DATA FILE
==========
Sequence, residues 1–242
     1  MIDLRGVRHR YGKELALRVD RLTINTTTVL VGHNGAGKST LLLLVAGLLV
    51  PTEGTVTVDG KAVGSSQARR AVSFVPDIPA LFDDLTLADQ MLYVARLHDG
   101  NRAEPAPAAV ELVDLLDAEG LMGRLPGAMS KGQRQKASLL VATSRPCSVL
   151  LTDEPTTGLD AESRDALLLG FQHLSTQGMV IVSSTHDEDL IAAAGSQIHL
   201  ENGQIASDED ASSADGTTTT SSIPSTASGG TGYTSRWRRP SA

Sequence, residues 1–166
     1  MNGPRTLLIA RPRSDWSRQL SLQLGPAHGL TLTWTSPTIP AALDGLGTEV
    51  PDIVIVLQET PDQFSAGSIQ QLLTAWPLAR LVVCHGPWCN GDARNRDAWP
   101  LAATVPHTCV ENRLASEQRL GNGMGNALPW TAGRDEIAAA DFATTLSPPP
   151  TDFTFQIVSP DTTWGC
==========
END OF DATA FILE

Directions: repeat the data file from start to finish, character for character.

Sequence, residues 1–242
     1  MIDLRGVRHR YGKELALRVD RLTINTTTVL VGHNGAGKST LLLLVAGLLV
    51  PTEGTVTVDG KAVGSSQARR AVSFVPDIPA LFDDLTLADQ MLYVARLHDG
   101  NRAEPAPAAV ELVDLLDAEG LMGRLPGAMS KGQRQKASLL VATSRPCSVL
   151  LTDEPTTGLD AESRDALLLG FQHLSTQGMV IVSSTHDEDL IAAAGSQIHL
   201  ENGQIASDED ASSADGTTTT SSIPSTASGG TGYTSRWRRP SA

Sequence, residues 1–166
     1  MNGPRTLLIA RPRSDWSRQL SLQLGPAHGL TLTWTSPTIP AALDGLGTEV
    51  PDIVIVLQET PDQFSAGSIQ QLLTAWPLAR LVVCHGPWCN GDARNRDAWP
   101  LAATVPHTCV ENRLASEQRL GNGMGNALPW TAGRDEIAAA DFATTLSPPP
   151  TDFTFQIVSP DTTWGC